- All married couples could have a probate in another state if assets are not titled in a trust.
- All married couples with minor children need a will to designate guardians, otherwise a judge will make the decision.
Also, while I have served the LGBT community before the legalization of same-sex marriage in Arizona in 2014 and nationally in 2015, since that time I’ve seen a steep decline in same-sex couples seeking estate planning services. Same-sex couples, do not assume marriage affords you rights that render an estate plan unnecessary. Unfortunately, this assumption is false and makes same-sex couples more vulnerable now than ever before.
ESTATE PLANNING IS AN IMPORTANT STRATEGY
FOR EVERYONE, NO MATTER AGE OR WEALTH.
If you leave unanswered questions about how to settle our affairs, life for those we love could be even more difficult.
That’s why answering questions now—and formalizing them in an estate plan—is an important step that shouldn’t wait.
If you don't make a plan while you're alive and able, state law will decide for you after you're gone.
Take your first step toward peace of mind for your loved ones today.
Nicole Pavlik is an outstanding Phoenix estate planning attorney. Yes, I have had more than one experience with estate planning attorneys. I am so glad we found Nicole to assist my son and I with our estate planning.
Nicole is Professional but not stuffy, responsive, and provides everything you need to get it done right the first time. Her office staff is simply amazing!
I highly recommend contacting Nicole to see how she can help you!
- Vicki Hilb
We had an excellent experience working with Nicole's firm on our wills and estate planning.
We were able to provide all our information online, and have conference calls to review details and discuss options. Once we had documents to sign, we were able to safely go to Nicole's offices to do that. All the finalized documents were provided to us in both paper and electronic format. This could not have gone better.
We will definitely be using Nicole for any future legal needs!
Nicole prepared an estate plan for my wife and I as well as another family member.
As we learned through the process there are multiple parts to an estate plan, and it can seem overwhelming. However, Nicole has all the components well organized, and was always available to answer questions and provide clarification if needed. She kept the entire process moving forward, us informed, and explained the legalese in laymen terms so we never felt confused.
We are extremely satisfied with the final product and highly recommend Nicole; she is an excellent attorney and just a very nice person.
ESTATE PLANNING RESOURCES
In Arizona, spouses and minor children have certain limited rights to inherit regardless of what is written in the will. Read below to learn more about inheritance rights in Phoenix, Arizona. Inheritance Rights of Spouses in Arizona Although most couples decide to leave the majority, if not all, of their estate to their spouse, this…Read More
The divorce process is incredibly stressful and overwhelming. With so much on your plate, it is easy to overlook your estate plan. However, revising your estate plan after a divorce is a critical step and involves more than just updating your will. Below are six areas you must address when updating your estate plan after…Read More
What is Joint Tenancy with Rights of Survivorship (“JTWROS”)? Joint tenancy with rights of survivorship (JTWROS) is a type of property ownership where two or more people hold property together with equal rights and responsibilities. In Phoenix, joint tenancy is most commonly seen in real estate, but JTWROS can also be used with personal property…Read More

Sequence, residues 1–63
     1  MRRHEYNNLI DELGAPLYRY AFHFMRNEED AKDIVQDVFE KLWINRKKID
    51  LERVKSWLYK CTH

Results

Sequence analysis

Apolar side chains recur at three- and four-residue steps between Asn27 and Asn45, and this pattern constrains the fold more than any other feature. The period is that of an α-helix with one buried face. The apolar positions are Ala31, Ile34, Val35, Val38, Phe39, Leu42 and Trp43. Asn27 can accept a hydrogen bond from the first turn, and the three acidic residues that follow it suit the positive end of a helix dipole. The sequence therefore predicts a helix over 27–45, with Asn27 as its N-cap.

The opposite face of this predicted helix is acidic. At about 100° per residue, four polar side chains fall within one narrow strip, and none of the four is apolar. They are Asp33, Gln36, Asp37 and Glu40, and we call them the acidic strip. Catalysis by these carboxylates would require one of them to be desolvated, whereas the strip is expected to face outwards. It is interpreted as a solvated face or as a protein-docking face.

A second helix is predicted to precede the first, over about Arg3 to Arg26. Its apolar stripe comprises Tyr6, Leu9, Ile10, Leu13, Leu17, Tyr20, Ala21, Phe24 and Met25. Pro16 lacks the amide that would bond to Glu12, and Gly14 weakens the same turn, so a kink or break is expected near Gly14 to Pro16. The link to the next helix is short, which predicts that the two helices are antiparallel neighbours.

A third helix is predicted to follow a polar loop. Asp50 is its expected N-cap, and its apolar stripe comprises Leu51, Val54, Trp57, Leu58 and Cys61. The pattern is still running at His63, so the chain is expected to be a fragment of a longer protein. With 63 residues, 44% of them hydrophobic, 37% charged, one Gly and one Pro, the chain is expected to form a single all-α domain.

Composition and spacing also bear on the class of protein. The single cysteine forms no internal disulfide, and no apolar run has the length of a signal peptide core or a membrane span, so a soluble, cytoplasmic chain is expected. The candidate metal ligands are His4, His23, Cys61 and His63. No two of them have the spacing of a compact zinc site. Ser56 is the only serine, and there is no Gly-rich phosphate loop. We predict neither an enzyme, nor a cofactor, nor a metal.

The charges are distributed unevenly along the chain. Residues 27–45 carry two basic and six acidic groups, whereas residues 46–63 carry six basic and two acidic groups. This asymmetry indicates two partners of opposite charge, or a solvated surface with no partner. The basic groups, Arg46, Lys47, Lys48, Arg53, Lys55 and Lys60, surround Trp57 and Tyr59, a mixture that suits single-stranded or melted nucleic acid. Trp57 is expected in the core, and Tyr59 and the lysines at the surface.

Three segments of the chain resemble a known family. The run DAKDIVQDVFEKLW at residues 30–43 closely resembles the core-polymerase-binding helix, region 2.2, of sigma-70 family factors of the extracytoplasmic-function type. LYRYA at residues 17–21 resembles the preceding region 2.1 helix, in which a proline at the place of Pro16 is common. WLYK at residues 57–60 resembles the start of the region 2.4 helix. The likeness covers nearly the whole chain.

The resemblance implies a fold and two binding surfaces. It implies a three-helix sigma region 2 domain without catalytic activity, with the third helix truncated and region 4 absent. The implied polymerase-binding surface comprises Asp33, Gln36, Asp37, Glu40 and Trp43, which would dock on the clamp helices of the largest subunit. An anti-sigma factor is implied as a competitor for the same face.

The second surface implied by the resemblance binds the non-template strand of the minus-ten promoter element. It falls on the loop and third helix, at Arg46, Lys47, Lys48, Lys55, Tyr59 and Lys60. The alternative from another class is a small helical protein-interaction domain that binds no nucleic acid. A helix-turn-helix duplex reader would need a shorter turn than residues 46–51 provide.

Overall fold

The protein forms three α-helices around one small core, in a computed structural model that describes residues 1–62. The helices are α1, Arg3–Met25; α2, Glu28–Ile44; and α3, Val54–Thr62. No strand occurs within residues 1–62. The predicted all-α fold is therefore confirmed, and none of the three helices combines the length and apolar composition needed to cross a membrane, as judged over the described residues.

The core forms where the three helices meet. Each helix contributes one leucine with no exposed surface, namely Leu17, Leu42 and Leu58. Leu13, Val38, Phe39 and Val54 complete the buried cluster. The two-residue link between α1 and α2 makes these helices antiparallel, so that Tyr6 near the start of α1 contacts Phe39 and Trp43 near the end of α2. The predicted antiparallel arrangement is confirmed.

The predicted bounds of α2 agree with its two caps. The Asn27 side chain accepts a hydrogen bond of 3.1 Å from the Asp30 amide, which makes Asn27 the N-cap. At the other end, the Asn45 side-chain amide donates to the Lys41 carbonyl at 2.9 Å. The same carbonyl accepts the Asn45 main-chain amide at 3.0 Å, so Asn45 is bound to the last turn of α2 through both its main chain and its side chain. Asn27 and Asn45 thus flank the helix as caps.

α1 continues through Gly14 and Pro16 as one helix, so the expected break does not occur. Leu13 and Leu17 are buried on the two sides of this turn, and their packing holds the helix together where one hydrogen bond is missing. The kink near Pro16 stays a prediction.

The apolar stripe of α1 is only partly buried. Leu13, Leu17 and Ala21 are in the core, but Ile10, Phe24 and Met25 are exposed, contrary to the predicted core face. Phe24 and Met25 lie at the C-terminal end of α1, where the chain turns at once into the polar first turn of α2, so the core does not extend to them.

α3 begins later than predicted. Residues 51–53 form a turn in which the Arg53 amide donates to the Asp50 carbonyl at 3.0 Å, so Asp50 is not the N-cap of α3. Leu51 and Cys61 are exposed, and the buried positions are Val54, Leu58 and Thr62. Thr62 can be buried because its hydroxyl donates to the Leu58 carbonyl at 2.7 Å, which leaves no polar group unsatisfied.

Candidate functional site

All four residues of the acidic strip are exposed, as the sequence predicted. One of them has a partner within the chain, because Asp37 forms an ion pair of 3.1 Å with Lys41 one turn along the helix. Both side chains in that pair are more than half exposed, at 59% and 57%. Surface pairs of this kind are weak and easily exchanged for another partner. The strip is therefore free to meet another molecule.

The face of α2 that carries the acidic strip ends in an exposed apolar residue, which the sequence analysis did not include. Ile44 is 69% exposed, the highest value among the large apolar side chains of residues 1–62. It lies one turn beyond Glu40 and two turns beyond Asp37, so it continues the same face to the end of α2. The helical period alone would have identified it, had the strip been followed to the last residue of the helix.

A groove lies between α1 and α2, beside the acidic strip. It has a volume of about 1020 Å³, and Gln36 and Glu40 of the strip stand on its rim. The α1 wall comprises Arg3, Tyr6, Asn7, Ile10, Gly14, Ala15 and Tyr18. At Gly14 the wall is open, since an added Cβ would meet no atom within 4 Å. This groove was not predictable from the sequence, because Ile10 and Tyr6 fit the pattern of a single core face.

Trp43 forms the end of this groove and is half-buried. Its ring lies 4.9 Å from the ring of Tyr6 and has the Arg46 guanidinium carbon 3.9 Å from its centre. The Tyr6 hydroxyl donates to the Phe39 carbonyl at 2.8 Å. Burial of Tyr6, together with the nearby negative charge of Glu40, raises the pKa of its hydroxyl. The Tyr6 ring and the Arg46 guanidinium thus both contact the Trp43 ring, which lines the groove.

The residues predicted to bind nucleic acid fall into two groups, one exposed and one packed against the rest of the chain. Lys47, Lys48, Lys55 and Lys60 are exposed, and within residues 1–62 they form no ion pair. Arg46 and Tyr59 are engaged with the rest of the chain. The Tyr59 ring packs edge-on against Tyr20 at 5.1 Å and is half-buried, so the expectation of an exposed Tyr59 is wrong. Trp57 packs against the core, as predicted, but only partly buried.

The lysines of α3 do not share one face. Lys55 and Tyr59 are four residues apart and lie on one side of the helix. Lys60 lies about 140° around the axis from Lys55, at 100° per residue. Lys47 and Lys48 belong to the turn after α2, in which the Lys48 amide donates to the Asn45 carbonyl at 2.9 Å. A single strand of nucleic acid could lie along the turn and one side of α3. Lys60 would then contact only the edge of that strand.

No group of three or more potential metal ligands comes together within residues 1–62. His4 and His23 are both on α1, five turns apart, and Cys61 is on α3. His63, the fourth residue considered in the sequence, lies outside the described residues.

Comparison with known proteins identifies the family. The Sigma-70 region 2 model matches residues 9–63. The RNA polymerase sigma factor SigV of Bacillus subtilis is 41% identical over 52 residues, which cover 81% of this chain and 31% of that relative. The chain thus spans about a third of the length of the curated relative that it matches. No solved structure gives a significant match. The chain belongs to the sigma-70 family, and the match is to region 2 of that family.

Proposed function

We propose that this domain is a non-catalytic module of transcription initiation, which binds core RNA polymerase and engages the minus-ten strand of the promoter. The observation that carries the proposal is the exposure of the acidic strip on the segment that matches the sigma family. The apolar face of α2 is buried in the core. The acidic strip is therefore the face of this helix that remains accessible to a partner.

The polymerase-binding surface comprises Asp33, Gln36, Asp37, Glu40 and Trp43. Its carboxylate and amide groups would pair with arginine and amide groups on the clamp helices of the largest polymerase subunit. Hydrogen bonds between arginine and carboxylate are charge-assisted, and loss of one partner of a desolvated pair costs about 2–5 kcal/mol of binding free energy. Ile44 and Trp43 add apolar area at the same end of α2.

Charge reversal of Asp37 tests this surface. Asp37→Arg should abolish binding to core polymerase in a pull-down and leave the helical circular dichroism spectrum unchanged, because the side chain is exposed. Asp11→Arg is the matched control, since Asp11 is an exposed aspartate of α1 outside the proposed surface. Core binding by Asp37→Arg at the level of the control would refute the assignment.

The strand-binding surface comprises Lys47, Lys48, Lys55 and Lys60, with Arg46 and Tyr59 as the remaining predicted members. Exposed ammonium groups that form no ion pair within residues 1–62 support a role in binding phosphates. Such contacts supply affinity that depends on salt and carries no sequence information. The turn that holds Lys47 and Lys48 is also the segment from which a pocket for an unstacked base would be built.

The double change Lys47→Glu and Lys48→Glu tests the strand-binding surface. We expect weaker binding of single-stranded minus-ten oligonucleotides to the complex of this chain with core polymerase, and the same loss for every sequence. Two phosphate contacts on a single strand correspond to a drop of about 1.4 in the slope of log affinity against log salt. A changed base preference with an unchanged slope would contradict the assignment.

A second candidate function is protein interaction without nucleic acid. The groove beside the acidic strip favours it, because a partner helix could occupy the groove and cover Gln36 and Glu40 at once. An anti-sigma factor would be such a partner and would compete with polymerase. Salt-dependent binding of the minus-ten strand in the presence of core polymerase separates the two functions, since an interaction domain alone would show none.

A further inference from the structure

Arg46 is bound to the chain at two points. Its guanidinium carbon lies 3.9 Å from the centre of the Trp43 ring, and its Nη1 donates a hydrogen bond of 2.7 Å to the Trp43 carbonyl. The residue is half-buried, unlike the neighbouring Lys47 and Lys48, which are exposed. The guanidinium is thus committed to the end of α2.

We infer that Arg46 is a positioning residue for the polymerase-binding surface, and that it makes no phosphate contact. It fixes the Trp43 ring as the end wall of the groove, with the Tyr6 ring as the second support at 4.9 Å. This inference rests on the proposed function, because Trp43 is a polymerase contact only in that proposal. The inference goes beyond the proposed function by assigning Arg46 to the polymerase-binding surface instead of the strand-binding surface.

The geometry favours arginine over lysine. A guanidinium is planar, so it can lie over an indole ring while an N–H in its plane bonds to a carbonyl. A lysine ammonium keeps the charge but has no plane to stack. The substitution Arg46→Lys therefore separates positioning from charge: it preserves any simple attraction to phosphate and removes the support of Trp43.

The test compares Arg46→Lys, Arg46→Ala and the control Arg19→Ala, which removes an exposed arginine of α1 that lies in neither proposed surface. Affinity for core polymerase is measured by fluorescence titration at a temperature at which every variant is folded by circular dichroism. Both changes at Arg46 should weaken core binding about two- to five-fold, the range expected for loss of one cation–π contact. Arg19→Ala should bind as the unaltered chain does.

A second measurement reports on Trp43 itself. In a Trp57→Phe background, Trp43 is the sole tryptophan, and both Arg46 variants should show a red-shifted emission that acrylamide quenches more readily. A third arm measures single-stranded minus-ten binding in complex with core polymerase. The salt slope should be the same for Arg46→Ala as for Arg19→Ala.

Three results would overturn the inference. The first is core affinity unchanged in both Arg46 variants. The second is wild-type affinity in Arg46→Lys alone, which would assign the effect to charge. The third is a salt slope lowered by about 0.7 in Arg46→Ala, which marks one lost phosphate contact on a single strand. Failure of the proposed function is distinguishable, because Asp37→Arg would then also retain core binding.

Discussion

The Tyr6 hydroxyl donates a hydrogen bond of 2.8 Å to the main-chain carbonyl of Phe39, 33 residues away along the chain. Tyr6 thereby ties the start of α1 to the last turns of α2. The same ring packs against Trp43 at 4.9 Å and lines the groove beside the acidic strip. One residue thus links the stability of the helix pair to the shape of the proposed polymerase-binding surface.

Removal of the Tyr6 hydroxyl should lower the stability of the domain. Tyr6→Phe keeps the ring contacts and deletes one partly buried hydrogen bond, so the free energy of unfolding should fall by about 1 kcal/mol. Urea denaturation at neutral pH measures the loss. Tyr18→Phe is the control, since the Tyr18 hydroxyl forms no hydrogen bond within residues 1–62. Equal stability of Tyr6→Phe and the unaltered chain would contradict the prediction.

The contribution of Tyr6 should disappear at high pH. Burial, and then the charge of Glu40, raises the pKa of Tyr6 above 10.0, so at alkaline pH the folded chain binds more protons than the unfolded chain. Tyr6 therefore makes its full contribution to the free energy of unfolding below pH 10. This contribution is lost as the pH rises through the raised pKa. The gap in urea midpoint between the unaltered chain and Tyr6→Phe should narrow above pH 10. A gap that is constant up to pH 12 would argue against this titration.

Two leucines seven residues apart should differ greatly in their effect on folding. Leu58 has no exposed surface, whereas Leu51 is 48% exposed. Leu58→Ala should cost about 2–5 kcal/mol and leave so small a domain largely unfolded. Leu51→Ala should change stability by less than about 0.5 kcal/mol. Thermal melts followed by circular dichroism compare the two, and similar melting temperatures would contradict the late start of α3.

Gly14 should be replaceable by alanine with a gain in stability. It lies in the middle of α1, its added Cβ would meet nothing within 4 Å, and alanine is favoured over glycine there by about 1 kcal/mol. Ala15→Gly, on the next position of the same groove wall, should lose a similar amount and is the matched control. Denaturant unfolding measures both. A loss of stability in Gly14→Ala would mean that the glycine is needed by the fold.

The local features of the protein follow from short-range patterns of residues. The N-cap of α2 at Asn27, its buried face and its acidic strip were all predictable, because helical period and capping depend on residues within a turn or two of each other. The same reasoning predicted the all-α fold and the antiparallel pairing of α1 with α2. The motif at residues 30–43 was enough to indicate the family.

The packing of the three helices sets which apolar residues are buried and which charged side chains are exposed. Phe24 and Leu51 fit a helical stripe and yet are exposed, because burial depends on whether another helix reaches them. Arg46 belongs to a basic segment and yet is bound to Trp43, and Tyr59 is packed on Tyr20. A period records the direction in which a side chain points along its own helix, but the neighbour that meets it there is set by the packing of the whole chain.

What are the Essential Components of a Will? A will is an essential document in a comprehensive Phoenix estate plan. In general, it lays out your final wishes. Below is a list of the basic components of a last will and testament. Revocation of Prior Wills Your will should include a statement that all prior…Read More
In general terms, the power of attorney is a legal document created to allow you to name a trusted person to temporarily act on your behalf. It empowers that one individual to act as your “agent” to take care of things when you are unable to do so. It is a common and recommended part…Read More
When it comes to estate planning, it is important to have a last will and testament that has all the necessary parts. Under Arizona law, a well prepared will usually needs something called a residuary clause. A residuary clause is a part of that last will and testament to pass all other items that a…Read More
Know the Difference and Plan As Needed In very general terms, estate planning refers to personal assets and succession planning lays out the terms for a business. And while both terms refer to plans intended by the creator once they’ve passed, it’s very important not to equate the two terms. A person does not need…Read More
What To Consider With Trust Options When it comes to your estate plan, the trust provides solid options to protect your assets and ensure your beneficiaries receive those assets with limited difficulties. Revocable Trust Revocable trusts work best for people who want to adapt their estate plans in the face of new information and/or situations.…Read More
Once you have done your will you may wonder is that enough or can my will be challenged in Arizona. A will filed with the state of Arizona can be challenged, but certain requirements have to be met before the challenge can be made. Arizona law states a petition for probate can be filed regarding…Read More
Generally speaking, most hospitals have an open policy regarding who gets to visit the patient. However, Arizona law does provide legal protection for an individual looking to exercise some authority over who can visit them in a hospital. Because hospitalization can lead to severe changes in personal circumstances very quickly, hospital visitation planning can be…Read More
PROTECT YOUR WISHES & PLAN FOR YOUR FUTURE WITH TAILORED LEGAL SOLUTIONS
© 2014-2022 Nicole Pavlik Law Firm